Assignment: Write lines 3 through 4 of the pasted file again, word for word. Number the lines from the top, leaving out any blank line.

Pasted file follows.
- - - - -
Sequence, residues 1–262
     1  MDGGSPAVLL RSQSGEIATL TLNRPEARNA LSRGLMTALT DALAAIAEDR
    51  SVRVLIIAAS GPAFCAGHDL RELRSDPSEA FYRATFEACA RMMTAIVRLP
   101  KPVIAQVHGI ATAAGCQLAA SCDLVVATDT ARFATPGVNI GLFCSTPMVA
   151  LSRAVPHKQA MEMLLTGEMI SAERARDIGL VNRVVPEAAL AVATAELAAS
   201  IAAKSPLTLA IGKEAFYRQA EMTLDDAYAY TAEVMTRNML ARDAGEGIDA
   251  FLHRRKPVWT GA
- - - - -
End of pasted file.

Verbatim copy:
    51  SVRVLIIAAS GPAFCAGHDL RELRSDPSEA FYRATFEACA RMMTAIVRLP
   101  KPVIAQVHGI ATAAGCQLAA SCDLVVATDT ARFATPGVNI GLFCSTPMVA